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Through a Glass Darkly: The Social History of Stained Glass in Baltimore

Through a Glass Darkly is based on two years' on-the-ground, library and archival research in a city of architectural treasures that reflect a long history of racial, religious and ethnic segregation. Stained-glass makers continue to produce beautiful products of an endangered craft.

Copies of Through a Glass Darkly are available for purchase online or in person from the Maryland Center for History and Culture shop, Red Emma's bookstore, the Museum of Industry and the Ivy Bookshop in Baltimore. 

Click on the headline above to read the Introduction to Through a Glass Darkly.

Q&A with Linda Rabben, November 2023


* What initially inspired you to write a book about stained glass in Baltimore?

After moving to Baltimore in 2021 I walked around my NE neighborhood and noticed numerous vintage stained-glass windows in homes. Curious to know more, I started asking my neighbors about them and taking pictures of them.


* How did you first get interested in the medium of stained glass?

I got interested after seeing a striking stained-glass window in an Overlea bathroom while house hunting in late 2020. I hadn't been particularly interested in it before, although I'd admired beautiful stained-glass windows in European churches.


* How did the writing of "Through a Glass Darkly" come about?

At first I tried to find out who'd designed and made the windows, when and where. This turned out to be a wild goose chase, so I consulted books by local historians such as Antero Pietila and Eric Holcomb about the social context of their creation. That was how I learned about Baltimore's long history of racial, religious and ethnic segregation. About a year ago, realizing that I could connect stained glass to that history, I decided to write a book that would address those connections.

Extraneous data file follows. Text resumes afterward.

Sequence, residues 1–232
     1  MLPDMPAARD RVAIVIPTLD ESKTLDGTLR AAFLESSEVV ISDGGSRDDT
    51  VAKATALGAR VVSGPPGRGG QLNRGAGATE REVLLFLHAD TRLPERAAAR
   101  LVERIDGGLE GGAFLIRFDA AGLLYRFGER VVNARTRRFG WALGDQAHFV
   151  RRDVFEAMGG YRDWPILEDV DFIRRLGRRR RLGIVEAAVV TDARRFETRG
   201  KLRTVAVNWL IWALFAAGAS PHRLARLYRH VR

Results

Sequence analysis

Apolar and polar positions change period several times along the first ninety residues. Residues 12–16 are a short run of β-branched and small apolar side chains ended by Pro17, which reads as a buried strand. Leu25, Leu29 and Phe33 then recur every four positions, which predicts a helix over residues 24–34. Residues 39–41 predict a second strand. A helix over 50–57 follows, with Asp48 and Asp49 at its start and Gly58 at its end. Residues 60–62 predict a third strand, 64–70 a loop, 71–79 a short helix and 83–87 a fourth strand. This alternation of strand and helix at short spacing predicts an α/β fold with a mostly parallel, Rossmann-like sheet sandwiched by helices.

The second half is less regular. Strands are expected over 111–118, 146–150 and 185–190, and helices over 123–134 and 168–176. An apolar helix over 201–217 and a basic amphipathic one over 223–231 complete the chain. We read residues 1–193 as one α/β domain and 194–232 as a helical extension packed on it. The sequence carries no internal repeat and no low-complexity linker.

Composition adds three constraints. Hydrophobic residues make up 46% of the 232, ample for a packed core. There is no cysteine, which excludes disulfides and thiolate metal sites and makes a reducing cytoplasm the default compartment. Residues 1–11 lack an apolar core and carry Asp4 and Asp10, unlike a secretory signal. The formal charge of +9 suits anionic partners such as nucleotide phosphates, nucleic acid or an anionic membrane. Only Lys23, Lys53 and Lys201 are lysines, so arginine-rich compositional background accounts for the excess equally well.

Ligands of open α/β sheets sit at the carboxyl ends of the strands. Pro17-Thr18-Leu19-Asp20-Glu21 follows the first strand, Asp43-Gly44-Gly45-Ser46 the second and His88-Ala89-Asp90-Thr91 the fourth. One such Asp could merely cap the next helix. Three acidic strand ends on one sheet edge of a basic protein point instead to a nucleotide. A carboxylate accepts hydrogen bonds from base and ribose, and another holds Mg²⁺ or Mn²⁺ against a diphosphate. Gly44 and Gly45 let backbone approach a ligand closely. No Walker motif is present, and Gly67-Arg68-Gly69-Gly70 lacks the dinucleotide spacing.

* When was the golden age of stained glass art?

Stained glass decoration came to Baltimore in the mid-nineteenth century with the arrival of European immigrants who brought their craft with them. Stained-glass decoration in churches, homes and public buildings became omnipresent in the early twentieth century, first among the wealthy, later among the burgeoning middle-class, as taste became democratized. Many of the stained-glass windows I saw were installed between 1900 and 1940.


* Why are so many of us drawn to stained glass art?

I believe we have a basic emotional and physiological response—delight—to the play of color and light through glass as the day advances and the weather changes. It goes beyond a cognitive or intellectual appreciation. Somebody should do neurological research on brain activity related to the aesthetic experience—or maybe somebody already has.


* Who were the early stained-glass artisans of Baltimore?

The first stained-glass maker I could find in Baltimore was H.T. Gernhardt, a family business that started in the late 1840s and lasted until 1942. Other local glass makers included Foertsch and Lettau, Henry Seim, the Maryland Glass Company and G. Wilmer Gettier in the late nineteenth and early twentieth centuries. I found about a half-dozen art-glass studios listed in city directories of that period. Most of the artisans who fabricated stained-glass windows remain unknown—most vintage windows are unsigned and undated.


* Do Baltimore's stained-glass windows really differ from those in other cities, such as Philadelphia, Chicago or New York?

I don't know; I haven't studied stained glass in other cities. I do know that art-glass studios existed in many cities around the United States, artisans moved from city to city, and many artisans fabricated windows with designs from widely distributed pattern books.


* Is there a "Charm City style"? What differentiates it?